OAKLAND, Jan 14 2002. BART announced that it has scrapped plants to deploy drug-sniffing dogs on its trains following a flood of protests from angry patrons and NORML supporters.
BART had deployed canine units on loan from US Customs to sniff out passengers for two nights in December. They succeeded in nabbing 12 passengers for misdemeanor marijuana possession and a 13th for petty pot dealing, according to the San Francisco Chronicle. No hard drugs were found in the searches.
In a letter to the BART Board, California NORML coordinator Dale Gieringer denounced the searches as an “obnoxious invasion of personal privacy that will do nothing to enhance public safety.”
“No major narcotics traffic is to be found on BART,” he said, “the principal impact of these sweeps is to arrest harmless pot smokers.” He noted that the dogs failed to detect any “white powder” narcotics, only marijuana, as marijuana has a stronger scent.
“Marijuana is no threat to public safety,” said Gieringer, “Everyday, countless peaceable pot users ride BART to attend concerts, parties, and other events in the Bay Area. Better they should be riding BART than driving through traffic. This is a penny-ante crime creation program.”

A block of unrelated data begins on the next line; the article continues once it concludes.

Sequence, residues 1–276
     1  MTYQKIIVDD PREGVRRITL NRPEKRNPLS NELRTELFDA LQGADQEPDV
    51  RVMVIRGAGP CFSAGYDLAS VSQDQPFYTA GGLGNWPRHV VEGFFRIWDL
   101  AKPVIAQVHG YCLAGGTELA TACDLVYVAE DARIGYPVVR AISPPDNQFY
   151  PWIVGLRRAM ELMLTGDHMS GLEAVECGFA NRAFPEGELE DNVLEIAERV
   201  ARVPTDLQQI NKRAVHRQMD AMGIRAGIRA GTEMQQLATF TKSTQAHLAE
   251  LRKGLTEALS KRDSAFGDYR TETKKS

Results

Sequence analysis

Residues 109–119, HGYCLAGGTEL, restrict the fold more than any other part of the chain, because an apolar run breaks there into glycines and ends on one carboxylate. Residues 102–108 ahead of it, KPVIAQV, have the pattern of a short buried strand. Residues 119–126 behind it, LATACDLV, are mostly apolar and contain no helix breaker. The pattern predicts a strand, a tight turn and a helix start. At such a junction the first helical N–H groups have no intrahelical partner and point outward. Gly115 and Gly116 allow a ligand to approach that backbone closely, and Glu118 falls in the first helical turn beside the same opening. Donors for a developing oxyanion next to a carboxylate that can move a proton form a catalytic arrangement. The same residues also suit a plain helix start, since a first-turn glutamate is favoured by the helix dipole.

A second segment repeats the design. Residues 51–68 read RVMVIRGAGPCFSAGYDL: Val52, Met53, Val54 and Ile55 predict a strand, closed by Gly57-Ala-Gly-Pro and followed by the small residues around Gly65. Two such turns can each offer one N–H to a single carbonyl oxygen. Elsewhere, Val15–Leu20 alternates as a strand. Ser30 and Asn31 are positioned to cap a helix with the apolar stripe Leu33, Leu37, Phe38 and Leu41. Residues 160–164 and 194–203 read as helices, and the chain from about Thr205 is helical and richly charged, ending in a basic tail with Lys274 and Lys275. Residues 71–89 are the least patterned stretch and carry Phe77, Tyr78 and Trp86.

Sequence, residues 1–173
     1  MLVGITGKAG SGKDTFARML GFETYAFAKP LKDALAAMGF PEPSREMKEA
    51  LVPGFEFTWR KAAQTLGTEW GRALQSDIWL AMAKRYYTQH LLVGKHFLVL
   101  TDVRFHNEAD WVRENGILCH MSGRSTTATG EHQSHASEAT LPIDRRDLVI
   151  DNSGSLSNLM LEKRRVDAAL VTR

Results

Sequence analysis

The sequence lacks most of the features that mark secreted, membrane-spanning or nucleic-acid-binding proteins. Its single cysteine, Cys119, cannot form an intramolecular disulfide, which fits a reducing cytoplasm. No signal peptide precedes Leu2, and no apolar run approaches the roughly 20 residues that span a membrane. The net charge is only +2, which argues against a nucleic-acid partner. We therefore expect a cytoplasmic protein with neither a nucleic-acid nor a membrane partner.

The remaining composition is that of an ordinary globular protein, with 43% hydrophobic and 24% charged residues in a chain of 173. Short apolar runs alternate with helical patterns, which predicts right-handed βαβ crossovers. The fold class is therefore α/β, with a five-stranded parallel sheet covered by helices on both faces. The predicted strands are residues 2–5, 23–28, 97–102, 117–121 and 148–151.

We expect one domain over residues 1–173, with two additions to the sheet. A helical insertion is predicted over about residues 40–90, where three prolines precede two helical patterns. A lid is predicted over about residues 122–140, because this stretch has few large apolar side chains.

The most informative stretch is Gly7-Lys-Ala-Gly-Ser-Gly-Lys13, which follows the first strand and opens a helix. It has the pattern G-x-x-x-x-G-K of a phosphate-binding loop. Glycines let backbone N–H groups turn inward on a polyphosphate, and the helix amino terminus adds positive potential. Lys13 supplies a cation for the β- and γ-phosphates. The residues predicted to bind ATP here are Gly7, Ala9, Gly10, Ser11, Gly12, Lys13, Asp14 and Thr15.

NORML also expressed concern that BART is a major mode of transportation for medical marijuana patients. BART Police Lt. Howard said that BART’s policy was not to arrest legal Prop. 215 patients. However, NORML noted that the dogs were not reliable and were sniffing out innocent passengers. One patient reported that the passenger sitting next to him was erroneously searched apparently because the dogs smelled marijuana that he, the patient, had smoked at the station just previously. The patient himself was never searched.
BART Police said that the dog sweeps were part of a “training exercise” by newly arrived Customs canine squads bound for duty at the SFO Airport.